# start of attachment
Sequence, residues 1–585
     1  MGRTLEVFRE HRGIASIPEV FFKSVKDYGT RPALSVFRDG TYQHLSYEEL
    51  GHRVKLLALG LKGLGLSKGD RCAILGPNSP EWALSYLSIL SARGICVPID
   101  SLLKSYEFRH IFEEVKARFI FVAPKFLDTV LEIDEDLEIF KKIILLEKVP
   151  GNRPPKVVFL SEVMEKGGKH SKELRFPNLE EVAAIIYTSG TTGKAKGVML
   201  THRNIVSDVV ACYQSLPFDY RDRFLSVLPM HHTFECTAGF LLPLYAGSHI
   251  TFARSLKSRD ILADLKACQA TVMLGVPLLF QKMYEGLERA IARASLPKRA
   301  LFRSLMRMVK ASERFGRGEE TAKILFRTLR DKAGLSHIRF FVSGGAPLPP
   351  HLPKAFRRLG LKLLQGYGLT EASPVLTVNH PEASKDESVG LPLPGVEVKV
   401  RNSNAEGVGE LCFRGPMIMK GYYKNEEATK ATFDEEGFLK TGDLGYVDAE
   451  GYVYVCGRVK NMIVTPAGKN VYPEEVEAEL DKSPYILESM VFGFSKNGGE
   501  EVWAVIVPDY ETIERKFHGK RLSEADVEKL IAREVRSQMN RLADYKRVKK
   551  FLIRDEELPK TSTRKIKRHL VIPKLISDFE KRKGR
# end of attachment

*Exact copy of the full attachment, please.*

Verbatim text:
Sequence, residues 1–585
     1  MGRTLEVFRE HRGIASIPEV FFKSVKDYGT RPALSVFRDG TYQHLSYEEL
    51  GHRVKLLALG LKGLGLSKGD RCAILGPNSP EWALSYLSIL SARGICVPID
   101  SLLKSYEFRH IFEEVKARFI FVAPKFLDTV LEIDEDLEIF KKIILLEKVP
   151  GNRPPKVVFL SEVMEKGGKH SKELRFPNLE EVAAIIYTSG TTGKAKGVML
   201  THRNIVSDVV ACYQSLPFDY RDRFLSVLPM HHTFECTAGF LLPLYAGSHI
   251  TFARSLKSRD ILADLKACQA TVMLGVPLLF QKMYEGLERA IARASLPKRA
   301  LFRSLMRMVK ASERFGRGEE TAKILFRTLR DKAGLSHIRF FVSGGAPLPP
   351  HLPKAFRRLG LKLLQGYGLT EASPVLTVNH PEASKDESVG LPLPGVEVKV
   401  RNSNAEGVGE LCFRGPMIMK GYYKNEEATK ATFDEEGFLK TGDLGYVDAE
   451  GYVYVCGRVK NMIVTPAGKN VYPEEVEAEL DKSPYILESM VFGFSKNGGE
   501  EVWAVIVPDY ETIERKFHGK RLSEADVEKL IAREVRSQMN RLADYKRVKK
   551  FLIRDEELPK TSTRKIKRHL VIPKLISDFE KRKGR